Anna Leask

Anna Leask is senior police reporter for the New Zealand Herald.

Ghost chip wristbands: Have you got yours? (+videos)

You can't eat ghost chips, but our cops have taken to wearing them.

Rubber wristbands featuring an anti-drink-driving message were issued to officers during recent road policing training sessions at police national headquarters in Wellington.

The black bands have the words "Stop a mate driving drunk, bloody legend" and "ghost chips" printed on them.

The police are giving them out to the public and many officers have decided to wear them, too.

National road policing bosses adopted the wristband idea after similar ones were made to promote the Safer Communities Together campaign.

In 2009, Auckland police dog handler Sergeant Guy Baldwin became an internet sensation with a memorable appearance on the crime-stopping show Police Ten 7.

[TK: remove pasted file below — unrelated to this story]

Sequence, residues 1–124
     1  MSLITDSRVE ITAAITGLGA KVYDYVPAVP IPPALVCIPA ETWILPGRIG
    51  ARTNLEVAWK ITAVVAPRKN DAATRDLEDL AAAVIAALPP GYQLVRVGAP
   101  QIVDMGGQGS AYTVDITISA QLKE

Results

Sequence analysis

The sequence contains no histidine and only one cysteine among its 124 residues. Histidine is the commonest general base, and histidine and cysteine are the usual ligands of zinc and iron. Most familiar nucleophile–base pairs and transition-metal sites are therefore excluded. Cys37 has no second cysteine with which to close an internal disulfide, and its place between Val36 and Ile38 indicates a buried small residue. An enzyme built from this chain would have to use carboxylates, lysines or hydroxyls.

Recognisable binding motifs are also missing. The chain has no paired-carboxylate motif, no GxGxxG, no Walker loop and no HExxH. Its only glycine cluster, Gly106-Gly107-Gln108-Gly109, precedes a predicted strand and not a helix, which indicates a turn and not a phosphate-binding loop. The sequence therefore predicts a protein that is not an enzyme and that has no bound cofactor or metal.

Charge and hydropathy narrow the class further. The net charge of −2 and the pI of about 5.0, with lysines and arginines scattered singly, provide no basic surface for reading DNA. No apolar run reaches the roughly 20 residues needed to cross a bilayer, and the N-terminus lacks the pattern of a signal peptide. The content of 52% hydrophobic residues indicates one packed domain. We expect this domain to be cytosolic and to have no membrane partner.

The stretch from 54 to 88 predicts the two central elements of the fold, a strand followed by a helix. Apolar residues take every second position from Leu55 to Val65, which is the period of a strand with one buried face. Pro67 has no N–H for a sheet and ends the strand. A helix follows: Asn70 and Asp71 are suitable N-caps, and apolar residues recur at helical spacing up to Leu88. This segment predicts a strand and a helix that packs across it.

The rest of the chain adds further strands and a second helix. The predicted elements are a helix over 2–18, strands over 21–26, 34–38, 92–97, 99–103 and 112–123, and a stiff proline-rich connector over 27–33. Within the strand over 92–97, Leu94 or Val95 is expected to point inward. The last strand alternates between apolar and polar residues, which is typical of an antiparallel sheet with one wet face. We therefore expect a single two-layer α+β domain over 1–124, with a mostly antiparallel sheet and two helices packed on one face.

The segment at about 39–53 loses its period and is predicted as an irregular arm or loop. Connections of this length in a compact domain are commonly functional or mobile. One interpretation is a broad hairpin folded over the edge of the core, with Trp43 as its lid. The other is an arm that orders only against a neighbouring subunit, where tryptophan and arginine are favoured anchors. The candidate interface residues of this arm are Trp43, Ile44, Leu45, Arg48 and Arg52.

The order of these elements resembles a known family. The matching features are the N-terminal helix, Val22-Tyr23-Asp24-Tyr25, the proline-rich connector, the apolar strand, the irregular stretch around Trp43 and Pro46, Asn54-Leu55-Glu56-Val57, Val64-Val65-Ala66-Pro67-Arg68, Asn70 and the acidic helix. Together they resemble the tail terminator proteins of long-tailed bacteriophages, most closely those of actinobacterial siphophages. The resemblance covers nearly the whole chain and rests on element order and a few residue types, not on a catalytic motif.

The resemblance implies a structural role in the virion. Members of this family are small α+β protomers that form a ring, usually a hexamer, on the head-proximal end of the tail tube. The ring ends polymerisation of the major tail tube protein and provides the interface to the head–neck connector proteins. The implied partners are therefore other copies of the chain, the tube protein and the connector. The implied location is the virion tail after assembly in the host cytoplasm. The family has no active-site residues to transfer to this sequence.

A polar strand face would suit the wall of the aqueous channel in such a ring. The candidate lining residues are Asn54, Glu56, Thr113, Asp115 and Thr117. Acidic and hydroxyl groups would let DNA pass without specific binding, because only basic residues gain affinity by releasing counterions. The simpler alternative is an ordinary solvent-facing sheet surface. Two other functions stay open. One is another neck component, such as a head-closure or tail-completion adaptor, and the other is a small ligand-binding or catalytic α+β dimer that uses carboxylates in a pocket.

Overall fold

While Mr Baldwin spoke with a suspected car thief, the conversation shifted to buying pies from the local service station.

"At three o'clock in the morning, you're buying a pie from the BP station. What must you always do?" he asked.

"You must always blow on the pie. Safer communities together."

Those words of caution went viral and even ended up on the front of T-shirts. Police also decided to use the slogan, printing it on wristbands.

Following the success of a New Zealand Transport Authority television advertisement in which the ghost of a teenager who died driving drunk offers his haunted friend a chip, another batch of wristbands was whipped up.

The idea for the latest wristbands came from Lesley Wallis, national road policing communications manager.

She said they were a very low-cost and low-key way to support the advertising campaign.

"They are intended for police to give to the public when they are talking to young people in schools, expos, community engagement opportunities etc," Ms Wallis said. "They have proved to be hugely popular. Some police officers wear them, too."

Ms Wallis said the wristbands were no longer being made and there were no plans for more.

"The advertising campaign that these wristbands support was hugely successful and resonated with the young people we were trying to reach. The wristbands are a simple way of extending that reach a little bit further."

Police Ten 7 clip:

- NZ Herald

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